A collective analysis of all these data reveal that Kotravai was worshipped as a war goddess with her abode in the forest and she was under the control of evil spirits. By this it may be concluded that the mentioning of “onku pukazh kanamar chelvi” by Agananuru refers to only Kotravai. Manimekalai, supports this view by exposing a shrine that existed in the forest for “kadamar chelvi”. Kuruntokai, another ancient Sangam classic says that Kotravai was worshipped even by the women fold of the mountain region.

Murugan was accepted as the son o fKotravai in the Sangam period itself. Kalittokai, positively a post Sangam classic, introduces him as the son of Siva. Even though said by two different literary works of two different times it may be understood that it was a known fact even in the Sangam period that Siva, Kotravai and Murugan formed a family. Though there is no direct reference to Kotravai and Siva as husband and wife, the scattered data gathered from different works confirms the concept of family that existed between the three gods. Maybe this formed the basis for the introduction of Somaskanda, a Pallava icon.

Ananku, varai aria makalir, churara makalir, chuvar pavai and kadal kelu chelvi were some of the feminine demi-gods that were worshipped in the Sangam period apart from the primary female deity Kotravai.

Uma is introduced for the first time by Kalittokai, Paripadal and Thirumurukatruppadai, all considered to be post Sangam classics. All the three works identify her as the consort of Siva. As per Kalittokai Uma was seated with Siva in Kailas. Siva is described as the god who used the mount Himalayas as a bow, received the Ganges and over thrown the ten-headed Asura who attempted to dislodge Kailas. All the three attributes showered on Siva by Kalittokai were transformed into sculptures by the Pallava craftsmen. Among them two included Uma as consort of Siva in the panel.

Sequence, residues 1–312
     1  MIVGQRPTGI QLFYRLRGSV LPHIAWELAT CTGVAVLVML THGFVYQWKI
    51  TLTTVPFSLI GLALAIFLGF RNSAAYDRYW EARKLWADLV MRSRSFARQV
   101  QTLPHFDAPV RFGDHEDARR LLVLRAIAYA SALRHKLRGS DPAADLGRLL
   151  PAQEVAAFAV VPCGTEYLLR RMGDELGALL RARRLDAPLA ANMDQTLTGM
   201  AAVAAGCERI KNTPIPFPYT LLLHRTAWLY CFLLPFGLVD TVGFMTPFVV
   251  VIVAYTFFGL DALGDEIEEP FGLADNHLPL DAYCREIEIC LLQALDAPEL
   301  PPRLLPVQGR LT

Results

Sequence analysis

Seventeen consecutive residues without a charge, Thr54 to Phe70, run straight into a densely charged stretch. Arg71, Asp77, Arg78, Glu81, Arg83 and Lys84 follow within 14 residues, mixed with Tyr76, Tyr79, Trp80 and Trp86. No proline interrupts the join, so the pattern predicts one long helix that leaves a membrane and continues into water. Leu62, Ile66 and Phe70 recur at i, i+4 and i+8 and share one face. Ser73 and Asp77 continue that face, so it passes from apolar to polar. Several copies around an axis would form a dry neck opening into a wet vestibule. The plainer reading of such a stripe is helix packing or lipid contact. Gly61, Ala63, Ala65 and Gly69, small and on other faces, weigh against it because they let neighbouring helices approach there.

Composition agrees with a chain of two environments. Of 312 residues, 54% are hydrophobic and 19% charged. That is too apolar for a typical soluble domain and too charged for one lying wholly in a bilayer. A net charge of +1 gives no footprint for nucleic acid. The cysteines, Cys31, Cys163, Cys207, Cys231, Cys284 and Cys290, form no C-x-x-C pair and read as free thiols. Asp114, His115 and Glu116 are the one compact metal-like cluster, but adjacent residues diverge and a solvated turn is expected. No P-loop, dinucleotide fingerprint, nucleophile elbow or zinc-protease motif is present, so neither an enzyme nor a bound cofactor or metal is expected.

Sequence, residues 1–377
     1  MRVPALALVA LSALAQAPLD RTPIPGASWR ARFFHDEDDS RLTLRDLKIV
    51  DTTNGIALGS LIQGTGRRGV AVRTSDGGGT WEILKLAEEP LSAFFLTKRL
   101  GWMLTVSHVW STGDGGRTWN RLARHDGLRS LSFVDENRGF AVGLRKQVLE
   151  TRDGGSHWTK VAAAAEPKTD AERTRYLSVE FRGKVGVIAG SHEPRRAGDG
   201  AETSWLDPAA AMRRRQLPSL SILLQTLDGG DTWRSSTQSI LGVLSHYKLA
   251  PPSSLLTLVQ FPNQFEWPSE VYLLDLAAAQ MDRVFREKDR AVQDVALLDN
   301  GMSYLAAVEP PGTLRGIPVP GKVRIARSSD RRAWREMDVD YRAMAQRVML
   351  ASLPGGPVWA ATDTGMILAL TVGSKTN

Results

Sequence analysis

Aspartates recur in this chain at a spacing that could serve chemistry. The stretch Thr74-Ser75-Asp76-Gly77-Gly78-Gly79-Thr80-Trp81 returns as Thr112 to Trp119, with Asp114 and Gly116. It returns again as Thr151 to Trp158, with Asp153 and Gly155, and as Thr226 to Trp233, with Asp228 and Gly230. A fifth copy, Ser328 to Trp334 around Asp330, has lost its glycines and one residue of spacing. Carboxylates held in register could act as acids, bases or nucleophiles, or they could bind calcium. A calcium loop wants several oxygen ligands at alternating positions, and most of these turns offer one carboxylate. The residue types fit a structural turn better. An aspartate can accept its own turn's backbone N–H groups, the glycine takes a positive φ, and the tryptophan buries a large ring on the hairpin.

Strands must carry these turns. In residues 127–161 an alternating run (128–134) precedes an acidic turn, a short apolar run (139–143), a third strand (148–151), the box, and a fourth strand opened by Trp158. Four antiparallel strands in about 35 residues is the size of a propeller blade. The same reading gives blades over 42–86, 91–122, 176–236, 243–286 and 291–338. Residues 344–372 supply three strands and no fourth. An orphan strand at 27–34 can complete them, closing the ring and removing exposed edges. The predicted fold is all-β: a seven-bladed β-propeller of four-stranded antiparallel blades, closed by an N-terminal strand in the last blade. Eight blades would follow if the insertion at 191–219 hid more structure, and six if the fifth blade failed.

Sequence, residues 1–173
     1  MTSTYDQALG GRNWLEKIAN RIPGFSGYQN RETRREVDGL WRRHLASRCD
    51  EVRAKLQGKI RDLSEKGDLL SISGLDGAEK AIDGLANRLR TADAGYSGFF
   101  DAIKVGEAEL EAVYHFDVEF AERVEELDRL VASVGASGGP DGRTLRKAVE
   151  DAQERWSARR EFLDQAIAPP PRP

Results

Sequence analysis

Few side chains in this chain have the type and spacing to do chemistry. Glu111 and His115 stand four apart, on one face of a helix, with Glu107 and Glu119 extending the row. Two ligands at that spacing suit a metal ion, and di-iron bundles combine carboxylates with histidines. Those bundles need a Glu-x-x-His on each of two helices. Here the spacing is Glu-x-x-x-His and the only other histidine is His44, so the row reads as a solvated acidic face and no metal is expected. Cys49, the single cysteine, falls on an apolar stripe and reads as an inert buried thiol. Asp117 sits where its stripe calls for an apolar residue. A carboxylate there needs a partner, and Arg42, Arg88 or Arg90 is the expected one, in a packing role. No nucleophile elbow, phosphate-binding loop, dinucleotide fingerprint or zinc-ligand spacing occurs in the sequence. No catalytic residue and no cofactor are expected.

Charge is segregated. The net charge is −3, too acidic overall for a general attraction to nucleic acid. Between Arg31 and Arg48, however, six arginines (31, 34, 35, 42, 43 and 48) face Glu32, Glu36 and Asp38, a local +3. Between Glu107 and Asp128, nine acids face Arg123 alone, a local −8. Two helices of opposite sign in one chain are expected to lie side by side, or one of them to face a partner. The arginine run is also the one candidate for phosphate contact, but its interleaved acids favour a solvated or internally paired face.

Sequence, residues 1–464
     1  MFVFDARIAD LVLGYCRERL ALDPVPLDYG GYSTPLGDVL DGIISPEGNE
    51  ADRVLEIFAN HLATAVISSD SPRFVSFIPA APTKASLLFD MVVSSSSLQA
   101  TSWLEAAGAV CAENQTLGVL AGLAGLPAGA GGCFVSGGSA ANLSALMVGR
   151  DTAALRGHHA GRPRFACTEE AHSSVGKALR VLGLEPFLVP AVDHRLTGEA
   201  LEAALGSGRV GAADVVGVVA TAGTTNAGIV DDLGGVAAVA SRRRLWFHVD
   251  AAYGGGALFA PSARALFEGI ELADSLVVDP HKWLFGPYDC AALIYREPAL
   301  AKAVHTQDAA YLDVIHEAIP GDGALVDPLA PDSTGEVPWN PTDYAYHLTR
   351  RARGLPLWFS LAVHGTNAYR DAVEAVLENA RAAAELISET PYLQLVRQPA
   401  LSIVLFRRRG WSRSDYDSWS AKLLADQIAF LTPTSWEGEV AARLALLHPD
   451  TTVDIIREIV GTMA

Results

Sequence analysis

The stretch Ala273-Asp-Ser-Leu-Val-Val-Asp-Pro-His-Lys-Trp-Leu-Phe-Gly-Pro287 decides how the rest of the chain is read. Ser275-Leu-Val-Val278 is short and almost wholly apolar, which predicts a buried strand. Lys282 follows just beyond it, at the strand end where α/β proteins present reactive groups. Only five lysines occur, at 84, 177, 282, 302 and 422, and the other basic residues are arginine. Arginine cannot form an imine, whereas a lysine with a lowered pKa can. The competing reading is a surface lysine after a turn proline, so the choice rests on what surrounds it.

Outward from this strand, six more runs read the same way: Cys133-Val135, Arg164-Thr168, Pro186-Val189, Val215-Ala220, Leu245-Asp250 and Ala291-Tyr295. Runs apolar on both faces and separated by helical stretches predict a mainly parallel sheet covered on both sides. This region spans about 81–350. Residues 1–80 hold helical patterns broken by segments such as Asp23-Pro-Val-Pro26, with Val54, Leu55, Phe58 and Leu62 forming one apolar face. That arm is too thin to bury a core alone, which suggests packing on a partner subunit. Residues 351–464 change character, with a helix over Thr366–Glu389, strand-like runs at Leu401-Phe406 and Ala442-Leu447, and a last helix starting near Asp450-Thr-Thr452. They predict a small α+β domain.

The wedlock between Siva and Uma is mentioned in Paripadal. But it claims the birth of Muruga to the six damsels of Karthikai asterism and calls him as the son of Siva, Nilakandan. Thirumurukatruppadai which introduces the Ardhanari concept of Siva confirms this. Kalittokai, Paripadal, and Thirumurukatruppadai project Uma but mentions Kotravai also. The changes that had occurred due to the influences of Aryan mythology in the worship of Siva, Kotravai, and Muruga as a family is well recorded in these works. Uma, a newly introduces Aryan goddess, replaces Kotravai and Siva who worshipped as Mukkat Chelvan by the ancient Tamils got transformed into “Iranchadai anthanan” and “Painkan Parppan”.

Thirumurukatruppadai, which mentions Muruga as the son of Kotravai in one place, refers to him as the son of Malaimakal in another place. It also adds that Muruga was born out of Karthikai damsels who swallowed the seed received from Siva. Paripadal which explains the birth of Muruga to the Karthikai damsels mentions on other occasions that he was born to Siva and Masilol. The identity of Masilol is not clear. Mixing up of two different ideologies, the Dravidian and the Aryan was perhaps the reason for all these confused recordings in the literature and this decides the date of these three literary works as post Sangam and pre Devaram.